Hydraulic fracturing is a method of drilling and fracturing layers of rock deep below the ground. Modern gas and oil drilling is a process of drilling many thousands of feet down into shale rock, then drilling laterally for many more hundreds or thousands of feet and pumping in a mix of water, mud and chemicals at high pressure to break the shale apart and free up oil and gas for extraction.
Drillers inject high-pressure fluids into a hydraulic fracturing well, making slight fissures in the shale that release natural gas. The resulting briny wastewater flows back up to the surface, where it is transported by truck or pipeline to nearby injection wells. The liquid is then pumped down the injection wells to a layer of deep, porous rock, often sandstone. Once there, it can flow in every direction, including into and around faults. Added pressure and lubrication can cause normally stable faults to slip, unleashing earthquakes.
The water well company used hydrofracturing to put in my well. Why is fracked gas different?
Yes. Modern deep wells are installed using hydrofracturing. The primary difference between the purity of your clean drinking water and the impurity of fracked gas is the chemicals used to extract the gas from the rocks.
• Although the industry lists 60 chemicals as “most commonly used” (), there are over 600 chemicals used in the process, including EDCs (endocrine disrupting chemicals which affect fertility and hormone regulation), known carcinogens and neurotoxins. (Source)
• One class of chemicals used is surfactants, which dissolve cell walls to allow cell permeability. These have the same affect on plants, animals and people.
• Fracked gas is packed into the pipelines at high pressure, increasing the likelihood of leaks, ruptures and/or explosions. Major effects of these accidents vary from collapsed structures and injuries and sustained fire supplied by the fuel in the pipeline in the case of explosions, to environmental contamination and health impacts from volatile chemical additives from non-exploding leaks. (Source)
• Although touted as a safer form of gas transportation, there have been over 990 natural gas transmission line accidents deemed “Significant”, with 137 injuries and 34 fatalities since 2000. (Source)
• Chemicals used in the process of transmitting fracked gas through pipelines are known to off-gas at compressor stations along the pipeline. These include benzene, dimethyldisulfide, ethyl-methylethyl disulfide, trimethyl benzene, diethyl benzene, tetramethyl benzene, carbon disulfide, nephthalenes, methyl pyridine, carbonyl sulfide, toluene among others – and other known carcinogens and neurotoxins. (Source)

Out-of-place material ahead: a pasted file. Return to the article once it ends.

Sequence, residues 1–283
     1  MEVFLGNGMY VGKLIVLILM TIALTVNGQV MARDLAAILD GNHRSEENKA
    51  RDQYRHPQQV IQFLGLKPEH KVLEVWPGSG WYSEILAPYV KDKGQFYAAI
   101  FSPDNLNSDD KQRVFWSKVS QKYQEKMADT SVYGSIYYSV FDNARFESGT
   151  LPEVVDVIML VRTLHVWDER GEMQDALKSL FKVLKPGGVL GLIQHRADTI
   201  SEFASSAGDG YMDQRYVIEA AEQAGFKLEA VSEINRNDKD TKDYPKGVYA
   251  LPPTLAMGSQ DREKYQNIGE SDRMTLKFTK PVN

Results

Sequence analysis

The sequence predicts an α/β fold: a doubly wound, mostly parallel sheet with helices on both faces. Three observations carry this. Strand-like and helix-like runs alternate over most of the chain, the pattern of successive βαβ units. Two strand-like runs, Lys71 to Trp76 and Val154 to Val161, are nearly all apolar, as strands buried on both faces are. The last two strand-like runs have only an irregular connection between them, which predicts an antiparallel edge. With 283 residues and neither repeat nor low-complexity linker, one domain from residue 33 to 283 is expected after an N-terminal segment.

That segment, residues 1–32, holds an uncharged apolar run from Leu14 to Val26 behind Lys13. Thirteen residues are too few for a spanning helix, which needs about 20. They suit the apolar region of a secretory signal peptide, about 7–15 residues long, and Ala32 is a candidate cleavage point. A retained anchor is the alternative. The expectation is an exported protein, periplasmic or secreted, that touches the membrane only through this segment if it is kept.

• Methane emissions along natural gas transmission routes are 25-75% higher than original EPA estimates, depending on the site, and are particularly high at pressure stations along the route. (Read More)
• Methane is a greenhouse gas over 20 times more powerful than carbon. So even though carbon emissions are lower, leaks in the natural gas extraction and transmission process have been shown to negate any environmental pluses of NG over coal or oil. (Source)
• Construction of a natural gas pipeline brings damage to natural habitats in forests, wetlands and other ecologically sensitive areas.
• Our nation’s natural gas pipeline system is so dangerously leaky, Senator Markey (MA) is working to address this inefficiency with two bills in Congress. (Read the Report)
• Massachusetts’ House of Representatives passed a similar state bill – H.3873, which is now under consideration in the Senate.
• The 2005 Energy Bill contains a measure nicknamed “The Haliburton Loophole” (Source) which exempted the Gas and Oil industries from the Safe Water Drinking Act, Clean Air Act, Clean Water Act, CERCLA / Superfund Law*, and about a dozen more federal regulations
Fracking Hell? Photo series follows families who say their lives and communities have been destroyed by the industry
A group of photographers have spent the last several years documenting the effects of the natural gas industry on several rural communities in the Appalachian Mountains that have an abundance of natural gas deep below the surface of the earth.
The team of photographers – Noah Addis, Nina Berman, Brian Cohen, Scott Goldsmith, Lynn Johnson and Martha Rial – focus primarily on hydraulic-fracturing, a controversial method of extracting gas from below the earth’s surface by breaking rocks deep underground and creating small fractures from which it is possible to extract the gas.
The project is called The Marcellus Shale Documentary. It began in 2011 and is named for the Marcellus Formation – a large mass of sedimentary rock underneath the Appalachian Mountains that stretches hundreds of miles from West Virginia through Pennsylvania into New York.
Read the full News article here.
Current Fracked and Injection Wells in Ohio
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Woodsfield, OH - Over the weekend, a 3.0 magnitude earthquake struck the Wayne National Forest in southeastern Ohio. The earthquake occurred shortly before 8:00 a.m on Sunday, April 2, 2017. The epicenter was in the Sycamore Valley area in northern Bethel Township, Monroe County. Details are still emerging about the event.Click here for the full post